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The Centre of Excellence for Simulation Education and Innovation

CESEI Research

The Research Division of CESEI is composed of talented researchers with outstanding ideas and projects.

The fundamental motivation is to develop advanced surgical technologies and procedures, assessing their efficacy and cost effectiveness, transfer them to the operating theatre and facilitate their commercial development.

Our research is multidisciplinary, and in addition to CESEI, includes the Departments of Surgery, and Medicine, Division of Educational Support and Development (Faculty of Medicine), Department of Mechanical Engineering (Faculty of Applied Science at UBC), Faculty of Computer Science (McGill University, Simon Fraser University), School of Engineering Science (SFU,UBC), Centre for Minimal Access Surgery (CMAS) at McMaster University.

The industry partners committed to collaborate in these projects are MacDonald Dettwiler & Associates (MDA), Intuitive Surgical and Medical Education Technologies Inc. (METI).

Efforts and Products

Some of the completed research projects include:

  1. Eye-tracking for Surgical Skills Assessment and Education (RCPSC funded project, 2010-2011)
  2. Eye-tracking for Examining Vigilance of Surgeons in the Operating Room during Laparoscopic Procedures (SAGES project, 2010-2011)
  3. Quantitative ergonomic assessment of NOTES: a study of physical and mental workload, body movement and posture (In cooperation with Dept. of Surgery, University of Maryland at Baltimore) (NOSCAR funded project, 2009-2010)
  4. Dual-task approach to assessment in surgical education (2005 - 2007)
  5. Comparison of computer assisted instruction (CAI) vs. traditional textbook method in training for abdominal examination (Medical Education 2004, 38: (1080-1088)).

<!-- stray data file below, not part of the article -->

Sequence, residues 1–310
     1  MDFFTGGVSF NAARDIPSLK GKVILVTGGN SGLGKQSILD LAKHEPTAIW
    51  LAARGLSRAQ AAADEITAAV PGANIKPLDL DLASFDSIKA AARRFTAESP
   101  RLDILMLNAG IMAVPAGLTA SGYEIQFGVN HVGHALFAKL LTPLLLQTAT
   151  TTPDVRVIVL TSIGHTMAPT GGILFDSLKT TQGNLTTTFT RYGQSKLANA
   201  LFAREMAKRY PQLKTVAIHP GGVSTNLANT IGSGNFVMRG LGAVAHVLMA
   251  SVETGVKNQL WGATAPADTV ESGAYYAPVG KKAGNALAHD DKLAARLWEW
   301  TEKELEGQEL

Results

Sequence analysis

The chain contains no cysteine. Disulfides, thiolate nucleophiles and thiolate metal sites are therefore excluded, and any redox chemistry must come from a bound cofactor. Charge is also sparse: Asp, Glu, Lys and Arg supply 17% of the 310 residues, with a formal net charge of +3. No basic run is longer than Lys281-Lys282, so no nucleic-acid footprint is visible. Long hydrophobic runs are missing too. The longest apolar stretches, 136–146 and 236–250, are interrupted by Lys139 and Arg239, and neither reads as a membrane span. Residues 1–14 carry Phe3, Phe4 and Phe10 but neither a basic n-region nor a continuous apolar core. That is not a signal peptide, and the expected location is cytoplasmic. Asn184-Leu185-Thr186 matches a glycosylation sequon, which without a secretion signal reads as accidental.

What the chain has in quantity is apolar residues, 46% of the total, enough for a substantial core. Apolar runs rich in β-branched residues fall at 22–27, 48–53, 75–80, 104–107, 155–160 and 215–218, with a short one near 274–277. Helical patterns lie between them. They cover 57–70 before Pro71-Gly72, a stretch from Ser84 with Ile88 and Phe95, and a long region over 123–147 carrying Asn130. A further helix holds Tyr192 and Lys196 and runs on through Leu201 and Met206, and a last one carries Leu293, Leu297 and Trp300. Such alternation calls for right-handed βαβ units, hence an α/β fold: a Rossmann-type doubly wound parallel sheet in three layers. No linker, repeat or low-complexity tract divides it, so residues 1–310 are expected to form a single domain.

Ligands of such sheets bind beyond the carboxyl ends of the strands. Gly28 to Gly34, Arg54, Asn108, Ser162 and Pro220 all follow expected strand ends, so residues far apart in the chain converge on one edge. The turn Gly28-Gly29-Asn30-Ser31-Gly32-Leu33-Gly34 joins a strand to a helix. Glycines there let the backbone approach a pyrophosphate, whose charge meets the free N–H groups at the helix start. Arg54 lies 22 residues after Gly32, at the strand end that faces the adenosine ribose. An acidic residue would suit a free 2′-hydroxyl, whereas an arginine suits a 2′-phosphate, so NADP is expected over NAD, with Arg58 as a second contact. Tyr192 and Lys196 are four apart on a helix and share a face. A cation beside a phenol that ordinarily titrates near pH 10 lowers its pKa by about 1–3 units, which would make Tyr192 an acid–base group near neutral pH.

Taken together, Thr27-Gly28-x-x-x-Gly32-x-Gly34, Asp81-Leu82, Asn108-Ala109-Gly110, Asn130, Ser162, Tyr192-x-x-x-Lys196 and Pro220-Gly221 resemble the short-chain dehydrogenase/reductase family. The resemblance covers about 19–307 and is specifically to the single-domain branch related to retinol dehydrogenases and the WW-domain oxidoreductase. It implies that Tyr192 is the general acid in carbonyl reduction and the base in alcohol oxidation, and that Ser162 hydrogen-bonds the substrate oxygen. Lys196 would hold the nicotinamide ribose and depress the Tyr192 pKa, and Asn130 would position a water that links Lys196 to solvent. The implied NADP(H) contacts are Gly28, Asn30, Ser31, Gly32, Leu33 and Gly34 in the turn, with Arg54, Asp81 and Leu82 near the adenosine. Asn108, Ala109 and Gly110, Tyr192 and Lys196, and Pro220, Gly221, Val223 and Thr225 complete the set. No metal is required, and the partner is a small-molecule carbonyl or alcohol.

6. Evaluating the effectiveness of computer-assisted learning module in the context of UBC Medical School Curriculum (paper presented at the ACMC Annual meeting in Halifax, April 2004)
  7. Model for evaluating the instructional effectiveness with different cohorts (paper presented at the 11th International OttawaConference on Medical Education, Barcelona, July 2004)
  8. The effect of structured training outside of the operating room on laparoscopic knowledge and skill acquisition (study in progress on the effectiveness of a curriculum for laparoscopic surgery trainingof residents)
  9. Effectiveness study of a multimedia Basic Surgical Techniques training module for clerks (proposed study using the model for evaluation with different cohorts)
  10. Quantitative measures of transfer of training and validation of laparoscopic surgical simulators (paper presented at the MMVR Conference, Newport Beach, California, 2003)
  11. Objective multi-modal surgical performance analysis (paper presented at the SAGES Annual meeting, Denver, March 2004)
  12. Cost-performance trade-offs in the design of force-feedback surgical simulators (experimental platform presented at the IEEE International Conference on Robotics and Automation, New Orleans, 2004)
  13. Collaborative project with Centre for Minimal Access Surgery, McMaster University: participation in the Canadian Surgical Support Network, Canada Health Infoway
  14. Collaborative project with Interventional Cardiology Program, UBC on development of a Remote Controlled Cardiac Catheterization Laboratory.
  15. Collaborative project with University of Calgary Advancing Robotics and Surgical Simulations
  16. Collaborative project with McGill University on the Design for Multi-Modal Symbolic Displays